Our planned refuel/lunch stop was Cheyenne, WY. Cheyenne is the capital of Wyoming but has a population of only about 64,000. Wyoming is the least densely populated state in the lower 48 and flying through it makes you redefine the word for nothingness. Seriously, Kansas seems like lower Manhattan compared to Wyoming. There is, literally, nothing there for miles on-end.

 

Landing in Cheyenne was interesting to say the least. There was a helicopter on final and the pilot took an eternity to land and when he did, he just stopped in the middle of the damn runway! I was gear down, 100 feet of the threshold when the controller told me to go around so he could have this yahoo vacate the runway. At least this gave Rachelle a good opportunity to take few shots of the downtown (I’m using the word “downtown” loosely here). The downtown, as you can see on the photos, is tiny. Think Crawfordsville.

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We finally made it down and grabbed a crew car from the FBO to get lunch. Guess what kind of crew car they have in Cheyenne, Wyoming? Of course, a pick-up truck (a first for me). The girl at the FBO said it was busy in town because of a Rodeo. We had quick lunch at Olive Garden and I was ready, as they say, to get the hell out of there!

 

Next stop, last for the day, was Council Bluffs, IA which is just East of Omaha, NE. I decided to land there as I’ve read that this was, supposedly, the best airport in the Omaha area. We landed and got the rental car. Now, I must admit, the last stop in Omaha was a bit selfish on my part. I am a big fan of Alexander Payne who is an Omaha native and had one of his movies (About Schmidt) filmed in Omaha. Rachelle watched the movie with me and somehow agreed we could spend an evening visiting couple of the famous movie scenes. It turned out not be a bad idea at all.

Our first stop was Johnny’s Café, a historical restaurant started in 1920’s by a Polish immigrant. It is featured in the movie as the scene of Warren’s retirement party and quite famous (it made it to the top 1,000 things to see before you die book). When we got to the restaurant, I suggested we grab a drink at the bar, just like in the movie where Warren (played by Jack Nicholson) gets up from the dinner and gets a vodka gimlet to contemplate the end of his career. I sat at the same exact spot and Rachelle and I enjoyed a drink before dinner.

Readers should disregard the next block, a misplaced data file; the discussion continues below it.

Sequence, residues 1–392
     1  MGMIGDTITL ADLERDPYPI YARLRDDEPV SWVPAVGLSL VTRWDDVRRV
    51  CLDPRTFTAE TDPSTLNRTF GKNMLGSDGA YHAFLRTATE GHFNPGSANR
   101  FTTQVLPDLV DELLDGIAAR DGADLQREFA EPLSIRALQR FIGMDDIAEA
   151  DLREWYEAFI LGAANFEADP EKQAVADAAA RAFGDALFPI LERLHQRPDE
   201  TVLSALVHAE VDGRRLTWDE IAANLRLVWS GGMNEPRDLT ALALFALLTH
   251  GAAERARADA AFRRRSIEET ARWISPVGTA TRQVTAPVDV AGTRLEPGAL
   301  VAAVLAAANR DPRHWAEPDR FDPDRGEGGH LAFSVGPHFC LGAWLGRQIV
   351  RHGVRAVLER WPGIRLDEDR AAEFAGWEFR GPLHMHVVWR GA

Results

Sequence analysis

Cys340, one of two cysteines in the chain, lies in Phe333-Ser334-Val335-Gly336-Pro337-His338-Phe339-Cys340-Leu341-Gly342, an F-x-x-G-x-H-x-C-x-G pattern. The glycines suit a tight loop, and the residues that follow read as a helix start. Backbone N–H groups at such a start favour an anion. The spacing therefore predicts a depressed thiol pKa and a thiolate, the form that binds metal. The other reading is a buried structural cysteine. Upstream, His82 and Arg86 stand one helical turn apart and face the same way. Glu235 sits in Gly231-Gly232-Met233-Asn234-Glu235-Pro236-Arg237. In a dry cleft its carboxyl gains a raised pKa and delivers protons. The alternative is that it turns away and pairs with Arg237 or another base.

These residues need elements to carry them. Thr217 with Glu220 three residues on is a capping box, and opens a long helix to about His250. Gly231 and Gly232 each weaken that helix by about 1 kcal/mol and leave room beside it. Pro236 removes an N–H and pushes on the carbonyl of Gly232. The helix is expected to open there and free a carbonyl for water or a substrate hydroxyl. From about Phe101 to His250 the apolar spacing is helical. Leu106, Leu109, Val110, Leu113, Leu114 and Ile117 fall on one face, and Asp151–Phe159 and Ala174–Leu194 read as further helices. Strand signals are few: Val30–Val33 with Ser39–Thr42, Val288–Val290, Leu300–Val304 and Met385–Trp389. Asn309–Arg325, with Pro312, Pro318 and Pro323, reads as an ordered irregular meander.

The dinner was outstanding. The place has an old, rustic feel to it but the food and service is outstanding. The waitress was very kind to take us to the exact room they filmed the scene (it was a private room reserved for parties, etc.) and showed us all the memorabilia from the movie including photos of the film crew with Jack Nicholson and Alexander Payne with the restaurant owners which are children of Frank Kawa, the founder. To sum up, it was a great evening. Afterwards we headed to the hotel briefly stopping by the barber shop where Warren and Ray got into a fight.

 

Day 7 – Back to Indy

 

The next day we slept in a little. Normally, I had Rachelle wake up and go on the road early during our trip. This was out of necessity. In the mountains, the air gets turbulent as the day goes on and the temperatures rise making air travel uncomfortable. My personal motto is that all flying in the mountains needs to be completed by noon. I learned this the hard way. Many years ago, I flew in the mountains with Alex after lunch and scared the you know what out of him due to petty good turbulence. In the lowlands, however, this is not as relevant so we could allow to sleep in a little during our last stop.

On the way to the airport, we made couple of quick stops. We saw the home of Warren (a nice house in an upper-income subdivision of Omaha), the Woodmen tower (Warren’s place of work), and took the obligatory photos.

I must say Omaha was a pleasant surprise and Rachelle liked it a lot as well. It seemed clean, well-organized, had good roads, and overall had a pleasant appeal. We left Council Bluffs at our last leg direct to Indy which was only about 3h in the air with slight tailwinds. The weather was excellent throughout the flight. I filed for 11,000 feet so we traveled in a calm, cool air.

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To sum up, an outstanding, safe, and trouble-free trip.  I am slowly thinking what to plan for Rachelle’s 45th! Maybe that wine tour in CA???

 

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Gdansk and Malbork from the Air

I already shared photos of Gdynia, Sopot and Torun from the air. Now it is time for my hometown, the historical Gdansk. I also took some photos of Malbork which is about 1h south of Gdansk. Malbork is a castle from the Teutonic Knights era and it is the world’s largest castle by land area. Truly magnificent example of medieval civil engineering.